Sundance film Festival

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A newspaper headline in "Brooklyn's Finest" asks if that borough's cops are out of control. Not only are the cops out of control, but so is this movie that, surprisingly, is made by Antoine Fuqua.

In previous action or cop movies like "Training Day," Fuqua could be relied on to balance genre conventions with an inquiry into the lives of his characters that rooted the stylized action in just enough reality. But here, thanks in large part to a highly derivative screenplay, the director allows several reckless, unprofessional cops to drive the movie into utter nonsense.

Thanks to an unusually strong cast of actors doing their best to make sense of crazy cops and enough action to satisfy fans, "Finest" does have an audience. How they react to the relentlessly downbeat, implausible story lines is another matter.

The script by Michael C. Martin and Brad Caleb Kane derives from the burnt-out cop stories that began with Joseph Wambaugh's early novels from the 1970s, then is crossed with dirty-cop movies that seemingly have been around forever. But none of this comes with any sense of authenticity. In each of three stories happening simultaneously, a cop has lost all perspective on his job yet is blithely unaware of his own irrationality.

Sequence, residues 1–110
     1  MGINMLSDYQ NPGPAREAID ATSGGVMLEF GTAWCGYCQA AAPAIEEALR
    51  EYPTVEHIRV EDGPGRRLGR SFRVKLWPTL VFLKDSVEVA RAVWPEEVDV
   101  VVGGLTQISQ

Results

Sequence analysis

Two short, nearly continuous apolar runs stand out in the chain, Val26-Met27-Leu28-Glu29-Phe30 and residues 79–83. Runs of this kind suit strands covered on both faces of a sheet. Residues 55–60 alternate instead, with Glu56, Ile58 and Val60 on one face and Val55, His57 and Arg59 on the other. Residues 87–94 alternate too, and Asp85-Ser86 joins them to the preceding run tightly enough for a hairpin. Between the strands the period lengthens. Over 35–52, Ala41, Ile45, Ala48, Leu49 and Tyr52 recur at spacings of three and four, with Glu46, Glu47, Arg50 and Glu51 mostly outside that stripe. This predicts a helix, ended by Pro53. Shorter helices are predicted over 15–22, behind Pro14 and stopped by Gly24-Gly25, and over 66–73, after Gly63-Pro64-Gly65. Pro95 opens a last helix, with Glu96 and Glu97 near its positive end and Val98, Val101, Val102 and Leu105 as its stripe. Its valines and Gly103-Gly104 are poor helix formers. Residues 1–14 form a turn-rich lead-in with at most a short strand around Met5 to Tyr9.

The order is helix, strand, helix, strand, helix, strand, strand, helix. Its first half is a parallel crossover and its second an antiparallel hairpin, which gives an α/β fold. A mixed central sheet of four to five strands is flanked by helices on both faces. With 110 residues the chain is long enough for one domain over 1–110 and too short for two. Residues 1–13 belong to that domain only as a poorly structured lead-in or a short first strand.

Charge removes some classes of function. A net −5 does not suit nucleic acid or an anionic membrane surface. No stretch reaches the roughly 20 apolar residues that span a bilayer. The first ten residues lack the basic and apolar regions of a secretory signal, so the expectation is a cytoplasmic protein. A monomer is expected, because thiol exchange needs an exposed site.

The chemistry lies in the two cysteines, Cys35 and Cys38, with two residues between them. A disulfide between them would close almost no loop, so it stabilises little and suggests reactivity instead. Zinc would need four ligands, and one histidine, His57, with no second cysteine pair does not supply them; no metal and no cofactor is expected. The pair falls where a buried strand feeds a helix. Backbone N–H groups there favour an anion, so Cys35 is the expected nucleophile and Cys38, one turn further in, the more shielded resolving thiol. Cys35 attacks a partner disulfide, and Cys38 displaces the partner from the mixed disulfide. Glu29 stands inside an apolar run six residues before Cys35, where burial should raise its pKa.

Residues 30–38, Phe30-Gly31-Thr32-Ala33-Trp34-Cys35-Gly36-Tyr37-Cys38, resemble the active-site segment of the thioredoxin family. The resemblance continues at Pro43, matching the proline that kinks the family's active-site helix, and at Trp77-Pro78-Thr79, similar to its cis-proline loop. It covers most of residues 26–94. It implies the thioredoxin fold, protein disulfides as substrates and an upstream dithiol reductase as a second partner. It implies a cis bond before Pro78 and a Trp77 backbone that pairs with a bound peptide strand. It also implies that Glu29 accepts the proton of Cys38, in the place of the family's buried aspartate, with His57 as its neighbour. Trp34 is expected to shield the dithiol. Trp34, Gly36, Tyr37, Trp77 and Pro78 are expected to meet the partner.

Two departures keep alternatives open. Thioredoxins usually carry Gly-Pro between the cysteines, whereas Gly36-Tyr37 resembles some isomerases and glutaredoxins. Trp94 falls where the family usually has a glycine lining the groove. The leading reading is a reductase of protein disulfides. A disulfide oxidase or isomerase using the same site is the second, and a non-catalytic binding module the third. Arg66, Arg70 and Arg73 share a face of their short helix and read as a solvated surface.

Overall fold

The stories take place in — and, to Fuqua's credit, are filmed in — some of the roughest sections of East Brooklyn. As the film would have it, the neighborhood experiences daily shootings, sometimes by cops of completely innocent people, other times in countless drug raids. Certainly the line between bad and good guys is fuzzy in every instance.

Eddie (Richard Gere) has seven days left on the job — yes, the film dares to pull out that old chestnut — which he means to get through with liquor and visits to his favorite prostitute (Shannon Kane). The film implies he hasn't really worked in years.

Tango (Don Cheadle) wants out from his three-years-plus undercover assignment because his wife has left him. It's not easily done. Finally, his superior (Will Patton) and a farcically tough federal agent (Ellen Barkin) propose that he set up his best friend, drug dealer Cas (Wesley Snipes), to win a desk job.

Sal (Ethan Hawke), who works narcotics, has five kids and a wife (Lili Taylor) pregnant with twins. Desperate to move his family from a crowded rental infected with wood mold, he steals drug money with abandon. At every drug bust, he scoops up bills, and he is certainly not above assassinating a poor drug courier to steal his loot.

How did any of these characters become cops, you might wonder? More to the point, would any police force turn so blind an eye to such clearly unhinged officers? Their corruption and failures are all too obvious. Hell, they even talk to fellow cops about their cynicism and crimes.

The screenplay ends all three stories at one huge crime scene that is staggering in its illogic. It should come as no surprise that the film has only nastiness in store for each. "Finest" seems to wear its bleakness as a badge of honor while ignoring the preposterousness of each story line. Sometimes bleak can be as much a cop-out as a happy ending.

The film is well produced, and the background details of the dead-end environment, community outrage over police misbehavior and hostility at all social levels feel real. It's what happens in the foreground that rings false. (partialdiff)
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